Chief Cabinet Secretary Yasuo Fukuda on Tuesday condemned North Korea’s declaration that Japan would be barred from participating in the next round of six-way talks over Pyongyang’s suspected nuclear weapons program.
“It is North Korea’s selfish claim,” Fukuda remarked during an interview with a group of media organizations on Tuesday evening.
In stating his case, the government’s top spokesman cited Pyongyang’s vague pledge to hold another round of six-nation talks during the first round of negotiations in August.
“North Korea has a responsibility to keep (its word) and solve its nuclear crisis and the abduction issues peacefully and diplomatically,” Fukuda said.
The six nations that met in Beijing to discuss the nuclear standoff were Japan, South Korea, the United States, China, Russia and North Korea.
Some of the participating countries have voiced hope that the next round of talks may be held in November, though no specific date has been set.
“The next round of talks should be scheduled as soon as possible,” Fukuda said.
On the issue of Japanese nationals abducted by North Korean agents, Fukuda said Japan is contacting Pyongyang via diplomatic channels in order to arrange a bilateral meeting.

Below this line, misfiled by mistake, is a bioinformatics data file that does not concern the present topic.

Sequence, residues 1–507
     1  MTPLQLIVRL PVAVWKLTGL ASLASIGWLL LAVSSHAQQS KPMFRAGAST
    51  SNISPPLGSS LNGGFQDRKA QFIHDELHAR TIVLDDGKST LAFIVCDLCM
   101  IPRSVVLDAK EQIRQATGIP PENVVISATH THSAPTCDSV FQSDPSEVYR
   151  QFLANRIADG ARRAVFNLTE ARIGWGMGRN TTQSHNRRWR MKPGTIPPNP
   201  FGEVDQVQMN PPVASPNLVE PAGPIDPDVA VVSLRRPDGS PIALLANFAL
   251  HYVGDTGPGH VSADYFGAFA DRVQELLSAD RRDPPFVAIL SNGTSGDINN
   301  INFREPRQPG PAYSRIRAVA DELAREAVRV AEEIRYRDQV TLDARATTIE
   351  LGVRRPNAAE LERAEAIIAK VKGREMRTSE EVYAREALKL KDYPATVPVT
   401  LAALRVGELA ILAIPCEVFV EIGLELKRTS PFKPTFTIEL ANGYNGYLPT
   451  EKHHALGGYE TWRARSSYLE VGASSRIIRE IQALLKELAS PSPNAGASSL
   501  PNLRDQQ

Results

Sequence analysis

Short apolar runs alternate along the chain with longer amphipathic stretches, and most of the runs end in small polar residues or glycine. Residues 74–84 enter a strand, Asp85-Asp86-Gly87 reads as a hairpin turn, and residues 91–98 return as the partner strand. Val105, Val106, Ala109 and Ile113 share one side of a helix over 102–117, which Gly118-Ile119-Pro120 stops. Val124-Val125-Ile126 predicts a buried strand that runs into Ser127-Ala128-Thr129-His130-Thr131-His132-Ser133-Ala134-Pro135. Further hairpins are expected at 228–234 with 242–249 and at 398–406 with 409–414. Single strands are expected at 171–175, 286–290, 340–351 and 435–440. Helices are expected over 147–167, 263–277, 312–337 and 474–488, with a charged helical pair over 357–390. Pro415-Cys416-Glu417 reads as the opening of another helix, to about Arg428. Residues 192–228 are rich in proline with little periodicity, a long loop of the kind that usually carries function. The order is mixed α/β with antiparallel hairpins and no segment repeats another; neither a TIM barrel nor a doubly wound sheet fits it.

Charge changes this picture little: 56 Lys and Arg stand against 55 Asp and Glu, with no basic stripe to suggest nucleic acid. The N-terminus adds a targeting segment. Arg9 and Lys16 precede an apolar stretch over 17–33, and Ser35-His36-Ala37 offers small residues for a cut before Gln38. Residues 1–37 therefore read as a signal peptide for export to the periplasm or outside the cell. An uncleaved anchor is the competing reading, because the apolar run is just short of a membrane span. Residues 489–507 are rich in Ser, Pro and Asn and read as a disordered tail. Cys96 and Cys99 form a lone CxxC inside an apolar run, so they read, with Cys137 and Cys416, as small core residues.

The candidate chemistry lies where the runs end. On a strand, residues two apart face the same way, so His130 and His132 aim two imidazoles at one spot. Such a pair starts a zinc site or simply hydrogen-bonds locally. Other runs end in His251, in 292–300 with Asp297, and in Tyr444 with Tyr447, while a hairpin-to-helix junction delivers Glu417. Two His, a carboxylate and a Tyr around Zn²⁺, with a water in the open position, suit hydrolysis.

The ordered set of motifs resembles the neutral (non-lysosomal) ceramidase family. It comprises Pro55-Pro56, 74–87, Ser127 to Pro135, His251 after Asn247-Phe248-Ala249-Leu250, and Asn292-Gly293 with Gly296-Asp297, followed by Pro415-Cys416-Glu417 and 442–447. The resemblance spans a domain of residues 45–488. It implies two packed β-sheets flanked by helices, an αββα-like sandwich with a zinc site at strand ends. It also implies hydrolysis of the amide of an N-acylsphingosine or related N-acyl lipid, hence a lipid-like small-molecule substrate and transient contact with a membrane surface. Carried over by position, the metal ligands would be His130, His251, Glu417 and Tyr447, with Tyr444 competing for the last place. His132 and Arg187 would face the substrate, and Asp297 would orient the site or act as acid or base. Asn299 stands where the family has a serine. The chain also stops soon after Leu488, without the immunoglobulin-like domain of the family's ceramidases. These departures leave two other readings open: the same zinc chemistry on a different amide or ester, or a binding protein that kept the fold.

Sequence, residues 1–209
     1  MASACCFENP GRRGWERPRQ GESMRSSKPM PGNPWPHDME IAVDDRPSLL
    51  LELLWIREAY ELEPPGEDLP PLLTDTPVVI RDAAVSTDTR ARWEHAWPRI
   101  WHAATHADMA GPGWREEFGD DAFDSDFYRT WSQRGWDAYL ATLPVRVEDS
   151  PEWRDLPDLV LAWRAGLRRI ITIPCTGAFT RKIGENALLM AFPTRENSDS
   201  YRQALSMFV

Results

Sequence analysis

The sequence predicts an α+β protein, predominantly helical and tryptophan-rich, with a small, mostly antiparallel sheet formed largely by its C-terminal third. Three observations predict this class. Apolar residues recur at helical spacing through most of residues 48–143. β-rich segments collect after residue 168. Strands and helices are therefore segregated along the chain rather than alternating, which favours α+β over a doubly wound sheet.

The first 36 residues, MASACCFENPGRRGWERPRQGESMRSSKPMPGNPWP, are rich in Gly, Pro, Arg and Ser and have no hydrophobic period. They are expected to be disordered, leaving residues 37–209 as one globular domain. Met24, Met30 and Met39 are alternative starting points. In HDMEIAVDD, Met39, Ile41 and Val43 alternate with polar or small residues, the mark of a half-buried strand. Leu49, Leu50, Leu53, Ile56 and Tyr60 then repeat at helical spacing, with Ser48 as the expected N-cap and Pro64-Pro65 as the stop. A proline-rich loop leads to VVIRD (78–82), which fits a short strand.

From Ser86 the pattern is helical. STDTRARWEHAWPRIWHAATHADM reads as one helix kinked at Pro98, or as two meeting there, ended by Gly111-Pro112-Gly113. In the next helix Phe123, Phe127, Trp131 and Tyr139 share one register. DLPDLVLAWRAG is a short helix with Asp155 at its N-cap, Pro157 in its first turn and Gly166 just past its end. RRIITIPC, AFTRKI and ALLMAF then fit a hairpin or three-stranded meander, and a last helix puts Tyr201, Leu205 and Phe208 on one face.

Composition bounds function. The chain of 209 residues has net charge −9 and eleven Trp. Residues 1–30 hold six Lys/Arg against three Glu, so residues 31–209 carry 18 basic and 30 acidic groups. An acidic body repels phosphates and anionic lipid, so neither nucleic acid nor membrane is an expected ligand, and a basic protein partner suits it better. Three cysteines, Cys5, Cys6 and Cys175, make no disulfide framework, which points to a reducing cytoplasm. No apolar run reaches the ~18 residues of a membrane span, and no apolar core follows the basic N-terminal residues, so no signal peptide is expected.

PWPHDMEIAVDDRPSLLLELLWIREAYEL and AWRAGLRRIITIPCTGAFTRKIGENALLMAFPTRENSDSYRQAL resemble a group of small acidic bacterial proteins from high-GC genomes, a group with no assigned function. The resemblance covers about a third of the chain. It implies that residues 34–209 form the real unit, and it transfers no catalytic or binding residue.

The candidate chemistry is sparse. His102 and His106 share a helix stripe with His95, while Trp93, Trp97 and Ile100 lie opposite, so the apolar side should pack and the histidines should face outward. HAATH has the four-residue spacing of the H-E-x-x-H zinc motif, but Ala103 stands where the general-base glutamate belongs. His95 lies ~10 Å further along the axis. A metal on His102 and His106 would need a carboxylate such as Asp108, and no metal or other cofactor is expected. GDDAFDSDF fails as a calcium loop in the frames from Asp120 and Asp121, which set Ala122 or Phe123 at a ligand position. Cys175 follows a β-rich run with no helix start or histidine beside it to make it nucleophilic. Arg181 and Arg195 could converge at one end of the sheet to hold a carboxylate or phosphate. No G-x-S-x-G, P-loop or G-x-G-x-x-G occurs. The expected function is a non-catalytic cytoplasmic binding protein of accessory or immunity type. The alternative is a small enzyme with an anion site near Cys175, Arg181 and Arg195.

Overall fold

He added that nothing concrete has yet been decided on this score.
The government asserts that the North Korean-born children of five repatriated Japanese abductees, along with the American husband of one of them, should be allowed to come to Japan.
It has also urged Pyongyang to clarify the whereabouts of 10 missing Japanese, including individuals whom Pyongyang claims died after being abducted by its agents.
Fukuda stressed, however, that responding to these two priority demands would not put an end to the abduction issue. “If there are allegations (of other abduction cases), we will have to keep talking with North Korea and clear any suspicions,” he said.
It has been alleged by some that more than 100 other Japanese may have been abducted by North Korea.
In a time of both misinformation and too much information, quality journalism is more crucial than ever.
By subscribing, you can help us get the story right.